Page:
Oliver Twist Read-Along: Book 2

Thursday, February 17, 2011

Dear Mr. Dickens,

Your continued tale of the misfortunes (and good fortunes) of the cherubic Oliver Twist continue to interest me, as well as the lives of the individuals that surround him. I must admit that I am familiar with the tale already, thanks to a series for children that strips the stories of the writing behind them and presents only the tales. While I was fascinated by the tale, I must admit that I thought your writing would decrease my enjoyment. As I told you in my last epistle, this was not the case, and I am thoroughly enjoying your story-telling.

I must say that one of my favorite characters to hate is Mr. Bumble. He is so ridiculous and yet so utterly perfect, a caricature who bumbles and blusters through life. His courtship of the Widow Corney was a sheer delight, as he sneaked in her cupboards to see how many silver spoons she possessed, and declared her an angel when she told him that the board gave her coals and candles. "Such parochial perfection!" he cries out in romantic bliss, and reminds Mrs. Corney that the master of her house is about to die. "What a opportunity for a jining of hearts and housekeepings!" In a real person his traits would be despicable and repulsive. In this case his traits are food for laughter.

Oliver's tragic misfortunes become his greatest blessings as he drags himself over the fields back to the very house he was attempting (forced by Sikes) to burglarize. I must say, Mr. Dickens, that at times you seem very heartless. Are you familiar with the film Stranger Than Fiction, in which the author narrates the life of a real man? Her plot necessitates his death, but when she discovers that she is putting a real person in danger, she rethinks her ending. (I know this is an anachronism, but as this letter is also an anachronism, I pray you won't take offense). Consider, Mr. Dickens, if this were the case with you and Mr. Twist. You would be guilty of subjecting him to all sorts of unjust tortures and torments, clearly undeserved by such a perfectly angelic child, who despite his years of hunger and want, cannot bring himself to steal. But perhaps this is your point - to show us all that circumstances are not dictated by karma but merely by chance. The rich have no more right to their good fortune than the poor - they are just lucky. Is this what you mean?

Anyway, at least you were kind enough to deliver Oliver to two sentimental women who protect him despite his seemingly obvious role in the burglary and care for them as his own. Under their protection, Oliver is schooled in reading, writing, and flower arranging. All is perfect until Rose, the younger of the two ladies, is stricken ill by a random and unknown illness. Oliver is plagued with worry, but the illness brings only good fortune, as the son of the elder lady, Mr. Henry Maylie, comes at once and becomes Oliver's rival in flower arranging.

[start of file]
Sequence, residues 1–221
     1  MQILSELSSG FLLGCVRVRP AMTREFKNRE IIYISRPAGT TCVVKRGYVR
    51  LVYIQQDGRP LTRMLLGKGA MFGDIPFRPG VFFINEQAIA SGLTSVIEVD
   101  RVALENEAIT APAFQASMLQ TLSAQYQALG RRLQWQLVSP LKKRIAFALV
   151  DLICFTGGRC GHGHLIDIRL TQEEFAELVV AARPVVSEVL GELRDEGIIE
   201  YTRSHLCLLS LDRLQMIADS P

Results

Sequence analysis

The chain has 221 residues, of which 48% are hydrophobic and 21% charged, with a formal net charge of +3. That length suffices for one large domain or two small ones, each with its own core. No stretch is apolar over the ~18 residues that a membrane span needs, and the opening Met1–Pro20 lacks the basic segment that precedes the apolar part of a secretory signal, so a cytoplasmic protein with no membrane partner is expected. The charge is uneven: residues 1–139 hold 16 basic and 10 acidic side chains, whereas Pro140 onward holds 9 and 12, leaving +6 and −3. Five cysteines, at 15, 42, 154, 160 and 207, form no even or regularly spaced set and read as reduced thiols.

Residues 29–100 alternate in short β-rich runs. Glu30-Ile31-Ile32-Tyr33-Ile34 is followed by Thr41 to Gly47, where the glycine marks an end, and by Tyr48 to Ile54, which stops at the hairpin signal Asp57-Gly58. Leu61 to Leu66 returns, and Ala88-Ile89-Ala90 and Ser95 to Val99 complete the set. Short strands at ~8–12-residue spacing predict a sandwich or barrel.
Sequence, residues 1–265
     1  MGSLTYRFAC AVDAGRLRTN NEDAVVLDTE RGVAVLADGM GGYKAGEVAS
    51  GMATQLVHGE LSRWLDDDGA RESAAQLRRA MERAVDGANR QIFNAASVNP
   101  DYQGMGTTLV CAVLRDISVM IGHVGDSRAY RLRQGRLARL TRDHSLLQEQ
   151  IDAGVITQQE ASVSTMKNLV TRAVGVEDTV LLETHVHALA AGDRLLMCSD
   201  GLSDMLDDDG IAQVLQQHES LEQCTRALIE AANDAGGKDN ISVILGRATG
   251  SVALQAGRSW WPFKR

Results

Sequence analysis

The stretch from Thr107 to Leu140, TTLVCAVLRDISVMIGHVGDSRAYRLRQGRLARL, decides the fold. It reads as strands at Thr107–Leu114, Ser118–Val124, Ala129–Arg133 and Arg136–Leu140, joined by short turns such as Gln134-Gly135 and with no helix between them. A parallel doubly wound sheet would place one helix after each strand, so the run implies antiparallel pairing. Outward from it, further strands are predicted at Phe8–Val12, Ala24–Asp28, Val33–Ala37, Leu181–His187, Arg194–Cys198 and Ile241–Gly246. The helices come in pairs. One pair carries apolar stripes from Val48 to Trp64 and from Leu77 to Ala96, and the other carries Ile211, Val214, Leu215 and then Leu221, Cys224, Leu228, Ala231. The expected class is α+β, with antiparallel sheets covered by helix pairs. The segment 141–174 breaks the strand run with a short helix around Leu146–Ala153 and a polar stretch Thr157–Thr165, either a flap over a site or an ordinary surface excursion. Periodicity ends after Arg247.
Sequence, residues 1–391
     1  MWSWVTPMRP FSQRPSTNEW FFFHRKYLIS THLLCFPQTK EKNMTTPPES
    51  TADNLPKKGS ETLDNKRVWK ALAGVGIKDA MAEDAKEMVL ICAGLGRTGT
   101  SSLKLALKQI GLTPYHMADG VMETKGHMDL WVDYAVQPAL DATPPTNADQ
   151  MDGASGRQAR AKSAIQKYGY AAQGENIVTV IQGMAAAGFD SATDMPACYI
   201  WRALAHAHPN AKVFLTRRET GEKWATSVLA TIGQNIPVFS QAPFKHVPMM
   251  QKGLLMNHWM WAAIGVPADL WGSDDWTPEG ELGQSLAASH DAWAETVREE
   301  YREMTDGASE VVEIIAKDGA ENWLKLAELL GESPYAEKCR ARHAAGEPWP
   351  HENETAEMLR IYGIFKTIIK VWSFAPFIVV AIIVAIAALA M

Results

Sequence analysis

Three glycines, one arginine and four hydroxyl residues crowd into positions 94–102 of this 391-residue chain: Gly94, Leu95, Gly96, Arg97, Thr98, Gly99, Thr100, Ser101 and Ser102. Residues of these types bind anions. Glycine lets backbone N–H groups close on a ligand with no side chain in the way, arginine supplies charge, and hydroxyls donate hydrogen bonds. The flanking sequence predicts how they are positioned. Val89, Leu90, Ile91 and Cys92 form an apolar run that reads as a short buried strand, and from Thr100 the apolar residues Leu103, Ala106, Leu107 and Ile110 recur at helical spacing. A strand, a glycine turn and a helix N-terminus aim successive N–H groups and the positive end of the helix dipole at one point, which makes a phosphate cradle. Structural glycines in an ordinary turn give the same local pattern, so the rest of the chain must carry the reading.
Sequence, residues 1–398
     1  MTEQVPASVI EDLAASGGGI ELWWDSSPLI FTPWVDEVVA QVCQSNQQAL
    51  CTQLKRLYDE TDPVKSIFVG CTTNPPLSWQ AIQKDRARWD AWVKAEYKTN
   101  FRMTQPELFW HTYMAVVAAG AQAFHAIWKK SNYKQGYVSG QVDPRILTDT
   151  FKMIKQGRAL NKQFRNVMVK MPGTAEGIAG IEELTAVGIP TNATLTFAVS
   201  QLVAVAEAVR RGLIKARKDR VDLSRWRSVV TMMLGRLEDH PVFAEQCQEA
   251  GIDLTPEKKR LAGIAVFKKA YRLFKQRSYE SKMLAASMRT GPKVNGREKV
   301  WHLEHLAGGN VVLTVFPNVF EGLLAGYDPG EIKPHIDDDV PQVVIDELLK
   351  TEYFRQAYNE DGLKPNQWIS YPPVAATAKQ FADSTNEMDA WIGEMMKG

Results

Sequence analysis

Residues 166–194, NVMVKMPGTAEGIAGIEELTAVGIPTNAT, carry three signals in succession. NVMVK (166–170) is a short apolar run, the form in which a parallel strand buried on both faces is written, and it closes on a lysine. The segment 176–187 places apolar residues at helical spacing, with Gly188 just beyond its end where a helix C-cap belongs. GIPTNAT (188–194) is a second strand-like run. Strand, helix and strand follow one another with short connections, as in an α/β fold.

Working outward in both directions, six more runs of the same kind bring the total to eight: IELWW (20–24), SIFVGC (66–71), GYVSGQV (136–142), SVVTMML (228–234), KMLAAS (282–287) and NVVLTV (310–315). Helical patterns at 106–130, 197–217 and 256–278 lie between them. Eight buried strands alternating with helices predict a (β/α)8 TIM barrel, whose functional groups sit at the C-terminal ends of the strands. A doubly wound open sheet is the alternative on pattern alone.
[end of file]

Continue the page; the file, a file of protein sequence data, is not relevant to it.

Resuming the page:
However, Mr. Maylie brings sorrow to Rose in a truly Jane Austen-esque scene. Mr. Dickens, you wrote in a time when society and class standing were much more important than they are now. I cannot fully comprehend what it would be to reject a proposal of marriage because my parents had committed some crime and I couldn't bear to have my bad name reflecting upon my husband. Now, we are more of a mind to tell gossipers exactly where they can put their opinions. However, I believe your point was to show that Rose is a noble and self-sacrificing person, willing to give up her own hopes and dreams to keep from harming another. "Busy recollections of old hopes, cherished as a girl, long ago, crowded into the mind of Rose, while making this avowal; but they brought tears with them, as old hopes will when they come back withered; and they relived her." What surprises me most, Mr. Dickens, is Mrs. Maylie's determination to dissuade her son from marriage. Rose is her dearest companion, and I am surprised that she would caution her only son against making the match. I suppose she was really just trying to protect Rose or something disgustingly wise and noble like that. Maybe I am too young to understand.

The last thing I want to discuss with you is Fagin's completely disturbing appearance outside Oliver's window. I have to say I am intrigued both by his determination to find this stray orphan and his creepiness. Sure, Oliver saw his collection of jewels that he kept locked up, but is that really a reason to stalk him out to the country, at least a day's journey away, and creep in his window? I hope Fagin's devious motives are soon laid bare. I must say that I am enjoying the element of suspense and creepiness.

Overall, Mr. Dickens, while I feel in some ways this volume of Oliver's story is just a placeholder, my interest is certainly piqued to find out how it ends. I have a feeling many of the characters' lives will connect in ways unexpected. Until February 28, I remain,

The Story Girl


  1. What a great letter! I really like your thoughts about Rose and Mr. Maylie; such a different world then ours. I'm also really wary of Fagin and whatever plans he has for Oliver-the suspense is done well I think.

  2. Thanks! I remember watching Becoming Jane and thinking, how can people make such big decisions based solely on money? But class was so much more stagnant and important back then. I'm glad things have changed!


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